Globe Wharf has retained its name, though the building itself has been converted into apartments, and the stairs are directly on the downstream side. There is a modern metal gate and the steps are in good condition, very broad, with strong hand-rails.
Below in the immediate vicinity of the steps you’ll find a large area of sand, changing to gravel lower down. Here is the view from the steps looking upstream and this was as far as the beach went for that particular low-tide (1.2metres) cut off by the water after about 100 metres as the river continues to bend around Globe Wharf. In the other direction though it was possible to walk as far as Pageant Stairs and, presumably, to Cuckold’s Point (Horn Stairs).
There are none worth noting .. in fact this could almost be a family beach (similar to that surrounding Horn Stairs at Cuckold’s Point a little downstream). There’s a large area of sand, becoming gravel lower down towards the water. The exit stair can be kept easily in site if one doesn’t venture far downstream.
This is a section from a very detailed (25inch to the mile) Ordnance Survey map of London first started in the 1850s, but continuing with revisions into the 1870s (click to enlarge). This one was surveyed in 1868. So the map series shows the areas still at the height of their Victorian industrialization, just prior to the beginnings of decline for the docklands. Along the beach is the last part of ‘Redriff’, a former name for the area. The ‘Horseferry Stairs’ labelled no longer exist, no doubt in part because the area was bombed heavily during WWII and much of the riverfront had to be rebuilt.
For centuries Rotherhithe was a busy port area, inhabited by ‘the seafaring’, a centre for ship-building, ship and barge repair etc., and further upstream towards Bermondsey the foreshore is littered with ship’s timbers. It’s in the name .. ‘Rotherhithe’ possibly coming from the Anglo Saxon words ‘redhra’ meaning ‘mariner’ and ‘hyth’ meaning ‘haven’. The Mayflower sailed from here ( nearby marked by the ‘Mayflower’ pub ) in 1620 to Southampton before departing for New England. In John Gay’s The Beggar’s Opera 1728 Mrs Peachum speaks of ‘our warehouse at Redriff among the seamen’. So Rotherhithe has always had multi-cultural connections due to visitors settling and the trade relationships across the globe. Nearby Canada Water gets its name from the timber trade ( on the above map Globe Wharf is sub-titled ‘Timber Yard’ ) and in addition to well-known Scandinavian and Baltic connections, Rotherhithe has developed the largest Chinese population in this part of London.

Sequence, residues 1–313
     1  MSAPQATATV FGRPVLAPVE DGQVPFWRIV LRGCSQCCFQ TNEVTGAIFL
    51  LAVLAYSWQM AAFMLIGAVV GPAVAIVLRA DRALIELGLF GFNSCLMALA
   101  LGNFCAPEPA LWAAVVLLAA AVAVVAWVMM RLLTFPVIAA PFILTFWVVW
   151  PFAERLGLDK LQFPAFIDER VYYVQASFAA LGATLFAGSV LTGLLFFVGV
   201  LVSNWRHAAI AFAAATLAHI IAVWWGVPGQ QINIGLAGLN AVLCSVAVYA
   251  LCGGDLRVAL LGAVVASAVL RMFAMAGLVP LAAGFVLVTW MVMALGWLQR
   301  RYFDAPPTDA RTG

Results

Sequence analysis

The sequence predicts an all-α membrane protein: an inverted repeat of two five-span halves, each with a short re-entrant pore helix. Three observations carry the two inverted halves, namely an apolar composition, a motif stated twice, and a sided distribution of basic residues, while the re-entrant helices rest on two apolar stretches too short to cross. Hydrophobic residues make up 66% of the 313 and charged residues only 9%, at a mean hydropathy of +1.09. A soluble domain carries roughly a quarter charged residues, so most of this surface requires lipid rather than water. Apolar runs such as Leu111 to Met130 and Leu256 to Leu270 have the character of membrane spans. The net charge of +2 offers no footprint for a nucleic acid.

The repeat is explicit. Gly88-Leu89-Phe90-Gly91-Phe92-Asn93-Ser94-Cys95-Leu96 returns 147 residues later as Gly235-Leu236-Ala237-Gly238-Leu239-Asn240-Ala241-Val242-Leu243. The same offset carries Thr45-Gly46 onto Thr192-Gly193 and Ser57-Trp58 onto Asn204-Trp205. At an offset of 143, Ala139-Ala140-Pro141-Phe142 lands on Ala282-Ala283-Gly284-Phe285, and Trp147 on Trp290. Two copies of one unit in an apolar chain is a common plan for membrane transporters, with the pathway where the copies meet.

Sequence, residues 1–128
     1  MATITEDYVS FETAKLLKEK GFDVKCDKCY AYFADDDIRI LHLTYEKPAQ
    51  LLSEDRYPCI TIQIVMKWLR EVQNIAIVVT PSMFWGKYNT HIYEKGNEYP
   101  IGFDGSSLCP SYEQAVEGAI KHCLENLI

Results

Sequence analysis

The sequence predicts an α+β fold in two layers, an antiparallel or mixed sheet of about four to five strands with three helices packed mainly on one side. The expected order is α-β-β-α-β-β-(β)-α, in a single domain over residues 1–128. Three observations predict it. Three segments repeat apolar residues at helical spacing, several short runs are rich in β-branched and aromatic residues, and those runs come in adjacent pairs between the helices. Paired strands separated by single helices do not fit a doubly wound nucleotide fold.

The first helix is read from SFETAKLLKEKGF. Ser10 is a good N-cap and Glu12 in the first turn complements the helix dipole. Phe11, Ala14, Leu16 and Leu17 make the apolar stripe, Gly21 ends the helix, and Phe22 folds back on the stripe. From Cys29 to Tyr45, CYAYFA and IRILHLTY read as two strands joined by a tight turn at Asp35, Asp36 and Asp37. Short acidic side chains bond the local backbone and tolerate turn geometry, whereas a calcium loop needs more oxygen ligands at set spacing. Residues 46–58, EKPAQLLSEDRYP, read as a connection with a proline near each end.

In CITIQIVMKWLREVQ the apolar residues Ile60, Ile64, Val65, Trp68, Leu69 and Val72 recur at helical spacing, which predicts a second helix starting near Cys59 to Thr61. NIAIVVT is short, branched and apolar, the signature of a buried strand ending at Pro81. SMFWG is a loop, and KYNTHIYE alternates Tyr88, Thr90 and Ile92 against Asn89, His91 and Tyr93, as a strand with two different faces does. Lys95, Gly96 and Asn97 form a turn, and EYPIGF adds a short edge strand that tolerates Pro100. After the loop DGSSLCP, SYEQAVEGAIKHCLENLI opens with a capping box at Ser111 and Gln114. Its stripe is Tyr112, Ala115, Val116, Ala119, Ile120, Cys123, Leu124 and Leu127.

What that means in terms of searching the foreshore is that, really .. you could expect just about anything from any part of the world! That applies to the whole of the Thames foreshore, but perhaps never more so than here. It’s also worth noting this area’s proximity to Wapping directly on the other side, which is one of the most popular ‘mudlarking’ sites.
However! .. when I visited this particular part the first time my first thought was that I wouldn’t be staying long .. I was just gazing at stone-after-stone without much else of interest. Either side of the central sand & gravel area (mainly upstream) there is more interesting larger shingle, but that’s all there is .. there are no ‘historical mud’ areas at low tide. Things did become a bit more animated after a few minutes walking downstream though, and I even found my first piece of ‘Bellarmine’ with the remains of a face!
This piece includes part of the bearded-face emblem from a type of stoneware bottle/jug ubiquitous throughout the 16th-17th centuries known either as a Bartmann or ‘Bellarmine’ jug, manufactured mainly in Germany. Soon I saw other pottery fragments .. for example there were, as expected, a number of pieces of late Victorian stoneware bottles, some even with ‘Rotherhithe’ on them and another with ‘Ginger Beer’.